Every morning and some afternoons, I work as a teacher’s aid in a first grade classroom. This is my second year with this job, so by now I have learned to keep a list of all the ridiculous things these children say. From whispered questions about my phone number to shouts about Christopher Columbus being a pirate, this list is an assortment of hilarious quotes that will never fail to cheer me up. However, last week I overheard an exchange between two girls that made me so sad I couldn’t bare to write it down.
It was snack time, and I was listening to a conversation between two best friends that I will call Allison and Carrie. While all the other children were chatting loudly, kneeling in their seats and consuming Doritos and raisins with their mouths wide open, these two had pushed their snacks aside. They sat facing each other, talking in low voices, each pinching the tiny bump of baby fat on their stomachs with both hands.
“It’s okay to have fat, everyone has fat,” said Allison, gathering her pudge in her hands.
“No they don’t,” said Carrie. “We’re not supposed to have fat. You have more than me.”
“No I don’t!” Allison yelled back. “We have the same! And we’re supposed to have it!”
The conversation went on like this for a while. Allison eventually gave up on trying to convince her friend to love her body, and returned to her snack. But Carrie just sat there, staring at her stomach, trying to flatten it out with her palms. Her Ding Dongs remained untouched.
I don’t know if I can accurately convey with words how much this bummed me out. These kids are six years old, and are somehow already developing the body image problems of teenagers. It was actually kind of mind blowing to see them talking so openly about this, because these are the feelings that often circulate in a group of teenage friends (“Which of us is fatter?” “Is it okay to have fat?” “How much fat is too much fat?” etc.) but nobody ever says them out loud. How long will it be before Allison or Carrie doesn’t feel comfortable talking about this with her friends, and starts silenting skipping her snack?
Obviously everyone knows that childhood obesity in this country has become a serious problem, and making sure that children are aware of their health is important. However, has the focus on this issue within families and the media scared children into hating their bodies? By age ten, about a third of all girls and twenty two percent of all boys say that the appearance of their body is their number one concern. Number one. When I was ten I’m pretty sure my primary concern was learning how to spell “vacuum”. Today, kids this age are actually dieting, and the children who try to watch their weight this young often end up more overweight than their peers. A study was conducted amongst normal-weight middle school kids in which they were asked if they planned to diet in the future, and several years later those who said yes actually weighed more than those who said no.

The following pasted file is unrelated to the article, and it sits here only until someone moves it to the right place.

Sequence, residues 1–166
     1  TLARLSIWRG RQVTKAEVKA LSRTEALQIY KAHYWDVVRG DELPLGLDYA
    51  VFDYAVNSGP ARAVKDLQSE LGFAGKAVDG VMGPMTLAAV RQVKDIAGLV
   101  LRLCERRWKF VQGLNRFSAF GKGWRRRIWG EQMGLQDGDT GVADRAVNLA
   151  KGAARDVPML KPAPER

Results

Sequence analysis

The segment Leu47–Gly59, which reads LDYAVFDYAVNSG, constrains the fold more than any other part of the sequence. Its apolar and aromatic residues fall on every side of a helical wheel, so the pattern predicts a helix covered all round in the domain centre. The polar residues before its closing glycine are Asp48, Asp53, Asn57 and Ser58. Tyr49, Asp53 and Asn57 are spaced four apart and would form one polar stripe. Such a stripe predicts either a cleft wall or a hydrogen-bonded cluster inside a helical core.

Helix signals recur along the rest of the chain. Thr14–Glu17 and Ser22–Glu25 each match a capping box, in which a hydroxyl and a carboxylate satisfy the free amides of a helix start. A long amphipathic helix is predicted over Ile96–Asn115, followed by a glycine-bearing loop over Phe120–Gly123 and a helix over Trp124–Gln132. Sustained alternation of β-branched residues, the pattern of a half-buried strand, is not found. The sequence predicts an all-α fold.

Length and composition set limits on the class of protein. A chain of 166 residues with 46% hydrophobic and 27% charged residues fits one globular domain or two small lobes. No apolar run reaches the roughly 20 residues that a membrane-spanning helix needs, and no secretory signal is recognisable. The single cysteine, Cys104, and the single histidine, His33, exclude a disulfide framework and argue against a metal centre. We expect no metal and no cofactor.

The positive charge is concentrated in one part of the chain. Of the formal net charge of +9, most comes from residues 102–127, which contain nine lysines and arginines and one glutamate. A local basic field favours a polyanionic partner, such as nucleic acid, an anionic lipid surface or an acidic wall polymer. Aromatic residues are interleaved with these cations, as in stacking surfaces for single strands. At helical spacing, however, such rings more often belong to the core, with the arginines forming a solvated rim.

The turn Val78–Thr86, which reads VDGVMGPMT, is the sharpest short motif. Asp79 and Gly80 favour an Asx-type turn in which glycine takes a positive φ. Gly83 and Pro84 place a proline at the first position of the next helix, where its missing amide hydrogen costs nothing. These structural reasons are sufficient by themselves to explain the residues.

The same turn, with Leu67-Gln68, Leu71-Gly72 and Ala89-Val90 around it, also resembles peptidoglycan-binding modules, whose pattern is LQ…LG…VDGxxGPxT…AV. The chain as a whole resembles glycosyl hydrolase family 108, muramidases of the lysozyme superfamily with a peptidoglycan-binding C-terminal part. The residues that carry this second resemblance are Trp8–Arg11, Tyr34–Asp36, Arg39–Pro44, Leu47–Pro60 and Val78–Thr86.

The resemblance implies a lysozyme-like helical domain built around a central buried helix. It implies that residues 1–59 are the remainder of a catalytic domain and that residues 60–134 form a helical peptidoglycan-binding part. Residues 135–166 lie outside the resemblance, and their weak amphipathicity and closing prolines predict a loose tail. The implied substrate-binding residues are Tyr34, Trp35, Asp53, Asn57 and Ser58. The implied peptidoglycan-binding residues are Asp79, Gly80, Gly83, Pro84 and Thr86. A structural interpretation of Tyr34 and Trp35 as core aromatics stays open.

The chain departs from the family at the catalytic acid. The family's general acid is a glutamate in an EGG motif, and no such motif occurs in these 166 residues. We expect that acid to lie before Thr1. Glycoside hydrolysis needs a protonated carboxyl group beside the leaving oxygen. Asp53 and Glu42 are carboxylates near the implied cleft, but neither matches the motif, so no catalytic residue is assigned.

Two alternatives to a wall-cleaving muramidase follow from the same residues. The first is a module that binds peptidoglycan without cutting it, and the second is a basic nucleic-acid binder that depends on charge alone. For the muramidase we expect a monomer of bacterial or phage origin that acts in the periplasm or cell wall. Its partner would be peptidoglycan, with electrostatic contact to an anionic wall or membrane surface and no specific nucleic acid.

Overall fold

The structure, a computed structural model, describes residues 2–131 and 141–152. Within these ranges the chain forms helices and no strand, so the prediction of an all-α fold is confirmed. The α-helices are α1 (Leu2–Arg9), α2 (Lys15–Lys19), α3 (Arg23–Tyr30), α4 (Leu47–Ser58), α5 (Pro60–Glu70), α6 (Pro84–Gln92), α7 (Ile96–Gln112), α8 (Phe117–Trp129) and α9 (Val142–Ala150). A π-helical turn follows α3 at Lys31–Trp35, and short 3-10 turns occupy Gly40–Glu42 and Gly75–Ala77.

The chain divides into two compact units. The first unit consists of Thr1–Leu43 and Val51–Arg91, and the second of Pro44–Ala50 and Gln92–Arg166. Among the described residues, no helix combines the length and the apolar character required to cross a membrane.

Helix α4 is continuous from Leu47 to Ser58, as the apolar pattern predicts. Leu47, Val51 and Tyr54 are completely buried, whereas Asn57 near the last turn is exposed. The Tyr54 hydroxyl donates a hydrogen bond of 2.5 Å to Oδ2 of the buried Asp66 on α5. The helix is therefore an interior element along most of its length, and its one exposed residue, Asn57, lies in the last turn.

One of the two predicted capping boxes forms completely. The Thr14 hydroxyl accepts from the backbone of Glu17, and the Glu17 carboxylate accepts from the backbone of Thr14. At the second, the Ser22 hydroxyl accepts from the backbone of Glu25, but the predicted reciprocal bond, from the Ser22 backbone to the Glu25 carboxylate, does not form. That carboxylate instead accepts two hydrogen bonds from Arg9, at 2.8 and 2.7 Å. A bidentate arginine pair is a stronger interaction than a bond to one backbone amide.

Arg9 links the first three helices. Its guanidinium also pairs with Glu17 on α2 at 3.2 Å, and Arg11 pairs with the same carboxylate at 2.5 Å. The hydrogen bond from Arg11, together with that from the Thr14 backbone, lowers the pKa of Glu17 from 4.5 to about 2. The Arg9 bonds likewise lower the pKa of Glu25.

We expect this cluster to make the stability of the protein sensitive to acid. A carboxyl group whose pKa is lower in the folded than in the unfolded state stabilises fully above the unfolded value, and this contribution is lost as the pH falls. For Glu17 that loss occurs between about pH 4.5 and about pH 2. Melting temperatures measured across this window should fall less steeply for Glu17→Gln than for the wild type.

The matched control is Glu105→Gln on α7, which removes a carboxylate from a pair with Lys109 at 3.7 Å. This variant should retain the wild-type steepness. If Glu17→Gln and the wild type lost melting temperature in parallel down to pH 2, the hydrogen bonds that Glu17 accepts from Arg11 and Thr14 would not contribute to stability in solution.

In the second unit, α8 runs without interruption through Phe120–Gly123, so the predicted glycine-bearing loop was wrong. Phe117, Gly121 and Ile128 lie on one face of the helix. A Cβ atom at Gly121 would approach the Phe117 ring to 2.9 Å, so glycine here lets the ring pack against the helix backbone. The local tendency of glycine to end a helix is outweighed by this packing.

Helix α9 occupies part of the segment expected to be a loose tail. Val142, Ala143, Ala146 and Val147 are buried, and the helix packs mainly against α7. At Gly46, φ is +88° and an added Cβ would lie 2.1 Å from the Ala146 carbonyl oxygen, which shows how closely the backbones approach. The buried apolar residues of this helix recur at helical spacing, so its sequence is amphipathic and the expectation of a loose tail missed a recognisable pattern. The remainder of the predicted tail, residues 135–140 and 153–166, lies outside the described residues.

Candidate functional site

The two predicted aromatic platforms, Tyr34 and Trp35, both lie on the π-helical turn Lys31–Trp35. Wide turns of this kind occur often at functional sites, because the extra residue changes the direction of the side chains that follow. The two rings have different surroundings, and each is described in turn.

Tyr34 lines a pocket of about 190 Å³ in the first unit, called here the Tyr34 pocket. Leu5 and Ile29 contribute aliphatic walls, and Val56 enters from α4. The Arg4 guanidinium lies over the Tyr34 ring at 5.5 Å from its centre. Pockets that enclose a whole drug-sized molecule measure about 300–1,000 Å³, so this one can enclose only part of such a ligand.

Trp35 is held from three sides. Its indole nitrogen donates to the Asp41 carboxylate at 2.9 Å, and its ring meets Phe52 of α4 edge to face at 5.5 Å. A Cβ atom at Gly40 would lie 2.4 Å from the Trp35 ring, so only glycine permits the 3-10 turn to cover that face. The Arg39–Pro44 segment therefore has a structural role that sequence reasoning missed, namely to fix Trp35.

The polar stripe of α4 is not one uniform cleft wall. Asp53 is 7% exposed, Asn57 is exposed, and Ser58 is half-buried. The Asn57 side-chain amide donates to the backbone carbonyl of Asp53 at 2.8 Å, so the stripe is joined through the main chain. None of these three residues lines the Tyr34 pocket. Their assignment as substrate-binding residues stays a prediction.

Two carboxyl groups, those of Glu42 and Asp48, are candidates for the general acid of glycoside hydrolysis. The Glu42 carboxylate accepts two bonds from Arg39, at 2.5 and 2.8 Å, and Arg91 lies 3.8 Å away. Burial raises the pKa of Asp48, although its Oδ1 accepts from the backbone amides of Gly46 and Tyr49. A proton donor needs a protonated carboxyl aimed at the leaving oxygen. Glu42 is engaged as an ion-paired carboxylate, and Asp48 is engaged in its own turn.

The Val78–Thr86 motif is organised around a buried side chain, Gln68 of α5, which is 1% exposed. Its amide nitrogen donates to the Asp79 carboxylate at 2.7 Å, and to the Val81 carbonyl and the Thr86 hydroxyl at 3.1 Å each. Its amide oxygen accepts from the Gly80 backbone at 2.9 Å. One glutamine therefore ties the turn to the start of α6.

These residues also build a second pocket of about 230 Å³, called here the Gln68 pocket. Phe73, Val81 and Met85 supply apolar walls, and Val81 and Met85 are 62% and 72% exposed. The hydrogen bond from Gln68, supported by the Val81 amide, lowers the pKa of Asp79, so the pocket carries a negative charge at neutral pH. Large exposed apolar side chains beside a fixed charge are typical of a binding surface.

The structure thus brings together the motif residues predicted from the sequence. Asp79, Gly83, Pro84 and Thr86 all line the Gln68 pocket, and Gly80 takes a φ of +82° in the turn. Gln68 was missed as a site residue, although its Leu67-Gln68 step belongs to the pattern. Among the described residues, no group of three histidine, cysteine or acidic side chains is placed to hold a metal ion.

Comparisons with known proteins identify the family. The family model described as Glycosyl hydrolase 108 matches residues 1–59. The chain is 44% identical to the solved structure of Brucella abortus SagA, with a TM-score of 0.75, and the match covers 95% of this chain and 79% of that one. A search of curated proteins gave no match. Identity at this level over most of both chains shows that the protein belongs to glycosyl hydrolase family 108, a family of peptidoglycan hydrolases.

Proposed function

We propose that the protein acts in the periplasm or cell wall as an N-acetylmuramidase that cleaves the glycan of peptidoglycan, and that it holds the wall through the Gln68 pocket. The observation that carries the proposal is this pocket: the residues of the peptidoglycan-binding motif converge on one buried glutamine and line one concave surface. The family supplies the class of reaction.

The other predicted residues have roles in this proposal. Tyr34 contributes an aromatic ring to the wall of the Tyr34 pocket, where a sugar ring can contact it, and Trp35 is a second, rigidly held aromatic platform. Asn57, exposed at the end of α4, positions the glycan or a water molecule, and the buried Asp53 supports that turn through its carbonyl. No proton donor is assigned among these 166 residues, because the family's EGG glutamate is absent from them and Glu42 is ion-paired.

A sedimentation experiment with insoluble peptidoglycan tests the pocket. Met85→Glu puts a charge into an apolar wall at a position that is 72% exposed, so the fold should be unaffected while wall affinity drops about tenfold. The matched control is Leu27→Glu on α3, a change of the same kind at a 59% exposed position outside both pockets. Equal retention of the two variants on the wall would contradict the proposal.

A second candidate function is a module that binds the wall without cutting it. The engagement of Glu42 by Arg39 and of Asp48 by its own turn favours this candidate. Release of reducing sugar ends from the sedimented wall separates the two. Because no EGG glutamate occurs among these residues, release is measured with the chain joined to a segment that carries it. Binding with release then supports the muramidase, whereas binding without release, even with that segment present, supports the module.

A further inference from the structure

Catherine Hill, research director for the American Association of University Women Educational Foundation, says that it is disheartening how a focus on weight can take over so many aspects of a young girl’s life. As an example, she mentions the Dr. Barbie doll, who looks exactly like the cheerleader or ballerina Barbie. The only difference is the stethoscope.
Hill says, “Not only do we want you to become a doctor, a physicist, or an astronaut, but you better not deviate from the standardized body image that we continue to impose on girls.”
Allison and Carrie are not by any means overweight kids. They have that adorable baby pudge that is normal on a six year old child, but it has already become a source of stress for them. Since my responsibility in their lives is just to correct their homework an eavesdrop on their conversations, it’s hard to know if there’s anything I can do to help these girls have decent body images. I spend the entire twenty minutes of snack time glancing around the classroom, making sure each of the girls are enjoying themselves and eating their snacks. When I see one of them put down their Oreos, more often than not it’s just because they want to play a game or trade snacks, but every single time I try to send good thoughts their way. You’re beautiful, healthy kids. One cookie won’t make a difference, and it will probably be delicious.